Benefits by the sea
The TV programme ‘Benefits By The Sea’ broadcast from Blackpool would certainly have a profound negative impact on tourism, and potentially deflate commercial and residential property prices and hinder private and corporate investment.
I can speak with an open mind about this programme, and I am pleased to say that we at The Galleon Bar and Coffee Shop refused an offer to take part in the filming.
It was my view that the programme makers were simply interested in showing the vulnerability of benefit claimants, and the less desirable reasons for moving to the seaside on the dole.
It is well recognised that several seaside towns have fallen on hard times and attracted the benefit culture from other regions.
Equally, there are some people, through no fault of their own, who have been made redundant, or find it difficult to find sustainable employment in 2014.
We offered the programme makers the idea of encouraging one of our back-to-work workshop sessions, filming individuals putting together a CV – they were not interested.
The danger with programmes of this kind is that, once you sign the filming permission disclaimer form, you are placed in a very disadvantaged position, as you are then at the liberty of the programme editor.
While we accept that the town has its fair share of unemployed and problematic families, the resort has also turned a corner, and there is a growing sense of optimism.
Some say there is no such thing as bad publicity, but most right-minded decent folk would argue that a bad name spreads faster than a good one.
Let’s maintain our dignity; I would suggest that we all back off from comments about the Benefits Britain programme.
The more we are up in arms about it, the more credibility we give it.
The company behind this programme say it will feature larger-than-life characters, but I’ll bet they are transients as opposed to local people.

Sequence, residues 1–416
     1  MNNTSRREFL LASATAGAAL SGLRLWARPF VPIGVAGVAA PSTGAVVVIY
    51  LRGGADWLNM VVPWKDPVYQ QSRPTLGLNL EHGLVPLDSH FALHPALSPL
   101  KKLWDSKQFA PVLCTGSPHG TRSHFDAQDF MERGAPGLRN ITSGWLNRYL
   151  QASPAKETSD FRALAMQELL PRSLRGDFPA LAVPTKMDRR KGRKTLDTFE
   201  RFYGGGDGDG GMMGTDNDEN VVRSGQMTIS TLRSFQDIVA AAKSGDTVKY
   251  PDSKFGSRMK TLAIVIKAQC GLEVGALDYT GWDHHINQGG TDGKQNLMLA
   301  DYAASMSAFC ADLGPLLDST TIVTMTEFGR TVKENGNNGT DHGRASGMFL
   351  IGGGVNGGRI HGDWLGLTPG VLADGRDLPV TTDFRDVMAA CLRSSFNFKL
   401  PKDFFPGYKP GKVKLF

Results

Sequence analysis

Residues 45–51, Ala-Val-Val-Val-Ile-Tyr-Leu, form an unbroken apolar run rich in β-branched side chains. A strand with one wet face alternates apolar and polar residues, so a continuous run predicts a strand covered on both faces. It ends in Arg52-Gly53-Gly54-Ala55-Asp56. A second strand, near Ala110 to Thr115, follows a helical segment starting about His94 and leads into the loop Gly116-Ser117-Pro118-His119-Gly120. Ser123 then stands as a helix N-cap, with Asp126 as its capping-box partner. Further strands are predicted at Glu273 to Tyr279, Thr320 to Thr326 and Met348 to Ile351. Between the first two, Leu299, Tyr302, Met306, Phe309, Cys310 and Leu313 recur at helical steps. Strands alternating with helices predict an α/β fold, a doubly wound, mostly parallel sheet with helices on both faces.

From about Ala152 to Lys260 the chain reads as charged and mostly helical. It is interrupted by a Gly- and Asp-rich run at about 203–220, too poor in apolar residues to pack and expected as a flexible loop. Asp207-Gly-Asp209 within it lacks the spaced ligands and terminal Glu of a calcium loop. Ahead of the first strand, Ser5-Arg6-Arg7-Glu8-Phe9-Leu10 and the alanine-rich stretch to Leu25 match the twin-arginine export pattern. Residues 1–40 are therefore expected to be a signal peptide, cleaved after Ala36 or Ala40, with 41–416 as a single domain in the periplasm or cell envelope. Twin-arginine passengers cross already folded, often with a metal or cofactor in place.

We have a huge transient population in Blackpool, a lot more than we should have for a town our size, but if you are long-term unemployed, you might as well be somewhere there is plenty going on.
At least there is something to do, and this is the crux of the matter.
So I say again, lift us above this programme, no comment is good, however it is only fair if Channel 5 are going to air the show, that Channel 5 offers Blackpool time to rebuke all the negativity arising from the programme.
I am a transient of over 30 years standing, and have never once in all that time regretted my move here, to work I might add.
Include us in talks
As the owners of a property directly behind these hotels (‘Forgotten Blackpool’ Gazette, November 11), we have been involved in the fate of the hotels on South Promenade since 2009.
The residents of Clifton Drive would be very pleased to see the redevelopment of these buildings, but within a scale fitting to the area, not the 14-storey buildings that were originally proposed.
As it would be, perhaps, the largest redevelopment in the area, we do feel the residents should be included at the beginning of any talks, and not kept in the dark until it reaches the stage of planning permission, which is what has happened in the past.
Paul and Margaret Harrison
Letters from the front
How does it go, Wilfred Owen’s mordant vale of contempt, the quote from Horace (Note: ‘Va-lay’ Latin for Goodbye).
That recalls the trials of ancient Rome and reminds us of the futility of war: “The Lie – that sweet it is to die...”
Few soldiers chose to sacrifice themselves for king and country, but thousands had life stolen from them, not volunteering, but by regimental norms and loyalty to comradeship, obliged to stand or fall.
Families remember. Parental pride for an eldest son, uniformed, forever. Sepia treasured in that sideboard photo.
Another shows him on his last leave home. Tenderly held for those many years his letter from the Front, maternally teared, its envelope always fresh, those little words ‘Love you, Mum’ and ‘See you soon’. But sadly, no. ‘Missing In action” coldly told the War Department’s tale and left her with a lifetime’s reading.
Those pencilled lines, her boy’s last words to home, Frank’s body, pulverised, was never found.
His brother, Billy, shell-shocked, gassed and invalided out, never to work again, shaking always. His youthful body wasted into advanced old age.
Their Regiment of Pals had promised much for honour, glory and their town’s respect.
But dreams were nightmares in far Flanders’ sludge, with flesh and bones and spirits cruelly wrecked.